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Our Shoggoths, Ourselves

Our Shoggoths, Ourselves

There are many ways I could talk about the point I want to make in this week’s post, but when it comes to the really difficult issues—and yes, we’re going to be talking about one of those—the indirect routes are generally the most useful. For that reason, I want to start out with a seeming irrelevancy, and talk a bit about shoggoths.

Some of my readers already know about shoggoths. For the benefit of those who don’t, I’ll note that they’re one of the many species of imaginary critters that slithered out of the perfervid brain of iconic American fantasy-horror author H.P. Lovecraft. Shoggoths look a bit like huge hungry masses of iridescent black soap bubbles, fitted out with a random scattering of phosphorescent green eyes that ooze to the surface and then sink again. They’re big, they’re strong, they’re nightmarishly fast, and like most of the other critters in the Lovecraftian universe, their entire purpose in existence is to give investigators something to run away from as quickly as possible, screaming in terror all the while.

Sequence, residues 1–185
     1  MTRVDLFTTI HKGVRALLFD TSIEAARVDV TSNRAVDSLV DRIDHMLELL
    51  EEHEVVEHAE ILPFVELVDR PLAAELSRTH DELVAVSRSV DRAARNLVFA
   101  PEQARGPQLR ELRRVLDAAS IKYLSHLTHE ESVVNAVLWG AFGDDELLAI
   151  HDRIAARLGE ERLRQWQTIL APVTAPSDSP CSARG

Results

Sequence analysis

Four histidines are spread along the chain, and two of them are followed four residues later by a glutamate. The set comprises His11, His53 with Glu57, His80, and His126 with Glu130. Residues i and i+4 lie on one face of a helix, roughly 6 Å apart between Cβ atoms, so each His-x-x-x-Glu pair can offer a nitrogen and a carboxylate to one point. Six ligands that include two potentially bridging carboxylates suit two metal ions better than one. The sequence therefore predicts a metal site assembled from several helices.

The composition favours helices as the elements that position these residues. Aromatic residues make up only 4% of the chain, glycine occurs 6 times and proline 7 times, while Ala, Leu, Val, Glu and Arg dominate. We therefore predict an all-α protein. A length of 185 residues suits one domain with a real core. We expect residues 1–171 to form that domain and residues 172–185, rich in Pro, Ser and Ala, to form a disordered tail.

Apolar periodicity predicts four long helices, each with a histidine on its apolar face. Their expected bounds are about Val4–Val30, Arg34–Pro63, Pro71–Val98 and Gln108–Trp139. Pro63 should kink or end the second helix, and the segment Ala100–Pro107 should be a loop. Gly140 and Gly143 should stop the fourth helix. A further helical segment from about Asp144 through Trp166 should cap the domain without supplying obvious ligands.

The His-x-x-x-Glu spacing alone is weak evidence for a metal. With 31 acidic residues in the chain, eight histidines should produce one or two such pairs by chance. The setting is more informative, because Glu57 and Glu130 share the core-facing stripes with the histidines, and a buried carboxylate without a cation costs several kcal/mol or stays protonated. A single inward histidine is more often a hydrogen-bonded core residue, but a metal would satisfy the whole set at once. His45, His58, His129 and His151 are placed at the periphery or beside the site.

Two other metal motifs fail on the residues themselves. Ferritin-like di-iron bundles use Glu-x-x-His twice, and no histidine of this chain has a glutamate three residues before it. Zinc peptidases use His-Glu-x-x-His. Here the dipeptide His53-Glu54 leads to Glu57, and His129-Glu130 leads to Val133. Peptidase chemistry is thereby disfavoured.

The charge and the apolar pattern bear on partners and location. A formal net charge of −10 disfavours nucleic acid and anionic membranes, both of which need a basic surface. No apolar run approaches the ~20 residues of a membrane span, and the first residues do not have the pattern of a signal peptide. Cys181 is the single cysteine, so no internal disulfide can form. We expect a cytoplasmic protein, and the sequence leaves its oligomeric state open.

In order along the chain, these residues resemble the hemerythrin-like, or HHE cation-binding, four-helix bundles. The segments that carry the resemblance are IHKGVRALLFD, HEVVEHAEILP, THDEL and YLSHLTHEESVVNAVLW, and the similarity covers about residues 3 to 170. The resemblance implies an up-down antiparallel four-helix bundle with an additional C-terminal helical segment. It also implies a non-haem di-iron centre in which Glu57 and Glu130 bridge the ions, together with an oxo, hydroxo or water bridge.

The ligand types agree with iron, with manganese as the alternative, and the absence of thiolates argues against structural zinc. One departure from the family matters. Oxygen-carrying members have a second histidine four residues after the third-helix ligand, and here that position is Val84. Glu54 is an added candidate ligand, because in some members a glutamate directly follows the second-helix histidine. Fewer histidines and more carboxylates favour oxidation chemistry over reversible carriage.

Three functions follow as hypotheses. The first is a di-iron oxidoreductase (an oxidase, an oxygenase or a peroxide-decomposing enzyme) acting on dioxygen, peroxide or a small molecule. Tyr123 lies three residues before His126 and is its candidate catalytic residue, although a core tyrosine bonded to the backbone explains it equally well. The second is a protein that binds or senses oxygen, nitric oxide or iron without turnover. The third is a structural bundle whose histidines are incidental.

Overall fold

That sort of thing is a staple of bad horror fiction, but Lovecraft was doing something at once highly subtle and unpleasantly familiar with it. Central to his worldview was the belief that the eight-inch-long lump of meat called the human brain is completely out of its league when it tries to make sense of the cosmos in which we live, and can all too easily go stark staring crazy if it makes the attempt. His monstrous beings and tentacled devil-gods get most of their power over the reader from their sheer incomprehensibility. In his very best stories—“The Color Out Of Space” is perhaps the finest example—that theme takes center stage, and lives are destroyed and minds shattered by a force without malice and without meaning, irrupting from an impersonal cosmos serenely indifferent to the pretensions of our species.

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Olduvai IV: Courage
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Olduvai II: Exodus
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